RustyFN
June 5, 2011, 02:02 PM
can attempt to give an example of what he meant by this and what people mean by "factoring in time." Our work load big enough that there are times when I could be working instead of reloading.

I have never met anybody that took off work to reload. Everybody I know reloads in their spare time.

Old krow
June 5, 2011, 03:29 PM
I have never met anybody that took off work to reload. Everybody I know reloads in their spare time.

There is enough extra work outside of my normal job and normal work hours this time of year that I could work everyday for months on end if I wanted to. Sometimes it is mandated that I work, sometimes I volunteer, but as a rule I do not volunteer 100% of the time.

The point was, if "saving" money is the only motivation for reloading, then I'd likely be disappointed and find it was the least cost effective way to obtain ammo. I can always just work the extra hours and easily cover the ammo costs. I personally know shooters that do not reload for that very reason. But, now you can say that you know at least one person that will take off of work to load ammo. :)

RustyFN
June 5, 2011, 06:36 PM
But, now you can say that you know at least one person that will take off of work to load ammo.

Yes I can. :D

Off topic: My Dad lives in Gulf Port. Nice area down there.

45ACPUSER
June 5, 2011, 08:43 PM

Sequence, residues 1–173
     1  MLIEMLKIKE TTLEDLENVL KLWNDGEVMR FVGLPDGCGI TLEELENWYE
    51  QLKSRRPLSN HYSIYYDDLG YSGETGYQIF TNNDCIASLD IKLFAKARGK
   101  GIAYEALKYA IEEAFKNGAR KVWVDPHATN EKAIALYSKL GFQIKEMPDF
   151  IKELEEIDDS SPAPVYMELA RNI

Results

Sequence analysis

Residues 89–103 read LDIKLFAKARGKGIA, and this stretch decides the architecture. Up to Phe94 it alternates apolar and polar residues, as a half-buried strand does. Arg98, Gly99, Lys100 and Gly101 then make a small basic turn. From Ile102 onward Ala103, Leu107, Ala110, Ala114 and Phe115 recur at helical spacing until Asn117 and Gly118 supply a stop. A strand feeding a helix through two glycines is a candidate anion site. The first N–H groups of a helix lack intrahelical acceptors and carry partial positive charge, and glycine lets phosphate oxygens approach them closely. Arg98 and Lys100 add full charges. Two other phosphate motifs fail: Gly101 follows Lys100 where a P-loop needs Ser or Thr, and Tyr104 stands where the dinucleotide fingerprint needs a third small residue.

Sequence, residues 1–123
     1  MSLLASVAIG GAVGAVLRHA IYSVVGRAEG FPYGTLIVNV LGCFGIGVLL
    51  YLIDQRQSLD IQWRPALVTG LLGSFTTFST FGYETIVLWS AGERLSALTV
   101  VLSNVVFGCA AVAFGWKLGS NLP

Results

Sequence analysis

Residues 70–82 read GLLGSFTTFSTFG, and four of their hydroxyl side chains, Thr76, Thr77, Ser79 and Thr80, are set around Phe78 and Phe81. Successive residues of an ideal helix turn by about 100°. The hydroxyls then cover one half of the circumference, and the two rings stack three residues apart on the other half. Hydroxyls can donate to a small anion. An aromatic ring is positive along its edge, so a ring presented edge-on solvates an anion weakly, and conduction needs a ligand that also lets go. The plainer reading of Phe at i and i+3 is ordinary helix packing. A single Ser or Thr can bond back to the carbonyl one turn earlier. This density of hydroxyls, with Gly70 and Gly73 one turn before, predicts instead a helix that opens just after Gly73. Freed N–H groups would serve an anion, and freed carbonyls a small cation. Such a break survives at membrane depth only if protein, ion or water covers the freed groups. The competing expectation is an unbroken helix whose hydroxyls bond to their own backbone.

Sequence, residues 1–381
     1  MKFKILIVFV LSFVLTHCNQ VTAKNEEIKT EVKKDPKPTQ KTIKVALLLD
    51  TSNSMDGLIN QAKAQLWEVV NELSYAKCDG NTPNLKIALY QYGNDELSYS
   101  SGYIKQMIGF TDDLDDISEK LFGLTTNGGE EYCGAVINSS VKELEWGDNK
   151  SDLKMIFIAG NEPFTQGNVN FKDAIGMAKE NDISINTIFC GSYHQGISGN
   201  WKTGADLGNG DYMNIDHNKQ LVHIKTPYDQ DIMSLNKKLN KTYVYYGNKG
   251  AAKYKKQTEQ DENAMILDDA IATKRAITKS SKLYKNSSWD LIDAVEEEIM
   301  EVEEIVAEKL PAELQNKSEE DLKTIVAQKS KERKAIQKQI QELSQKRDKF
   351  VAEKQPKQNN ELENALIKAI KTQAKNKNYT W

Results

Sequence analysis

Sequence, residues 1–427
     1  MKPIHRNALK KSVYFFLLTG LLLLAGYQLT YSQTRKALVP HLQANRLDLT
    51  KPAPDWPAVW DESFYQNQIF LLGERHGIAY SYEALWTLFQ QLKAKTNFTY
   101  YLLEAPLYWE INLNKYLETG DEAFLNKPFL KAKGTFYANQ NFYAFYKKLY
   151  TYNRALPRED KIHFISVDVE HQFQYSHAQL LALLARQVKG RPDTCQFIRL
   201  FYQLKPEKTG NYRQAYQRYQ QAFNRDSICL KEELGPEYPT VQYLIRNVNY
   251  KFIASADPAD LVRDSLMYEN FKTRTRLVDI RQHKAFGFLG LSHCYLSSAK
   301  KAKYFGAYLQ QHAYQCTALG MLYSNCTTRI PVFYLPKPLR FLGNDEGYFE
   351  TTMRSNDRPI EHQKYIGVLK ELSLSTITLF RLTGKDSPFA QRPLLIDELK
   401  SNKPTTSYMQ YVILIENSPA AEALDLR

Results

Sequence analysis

First and foremost shooting is a hobby. Nothing more nothing less. Reloading is a great by product of enjoying the shooting sports. Hobbies cost money. Ever wondered how much that venison in freezer really cost you? In time, effort, licenses, clothing, factoring that gun, ammo, time to sight the gun, I know people that take a week off to go deer hunting, not including time spent with setting up trail cams, maint on deer stands, and scouting. Then most haul the carcass off to a processor to butcher and the factor in if they get sausage made or jerky. Holy cow, you could buy a whole lot of meat for that, and still have money in the bank. Or better yet what about a week of skiing out in Park City Utah? Air faire, Hotel, Lift Tickets, Meals, Liquor, Car Rental. Or how about a Saturday out water Skiing with your boat? Burning up $4 a gallon gas using 30K Ski Boat, plus having the vehicle to tow said boat? That perhaps you get use what 7 to 10 times a year?

By now you get the idea hobbies cost money!

The next issue is do you have the time and inclination to reload? One fellow I know of claims his marriage was saved by reloading. Yeah! He said his wife would join him in their basement to crochet while he reloaded. This allowed them to reconnect as a couple. As they took time to chat while each enjoyed their respective hobbies, as they were empty nesters who had lost their way once the kids left for college.

Only the OP can answer the question whether relaoding is for him, not us.

The benefits to relaoding (if a person has the time and inclination) far exceed decreasing your cost per round. You get to tailor your ammo to suit your needs, increase accuracy potential, and enjoy another facet of the shooting sports. Learn more about shooting itself.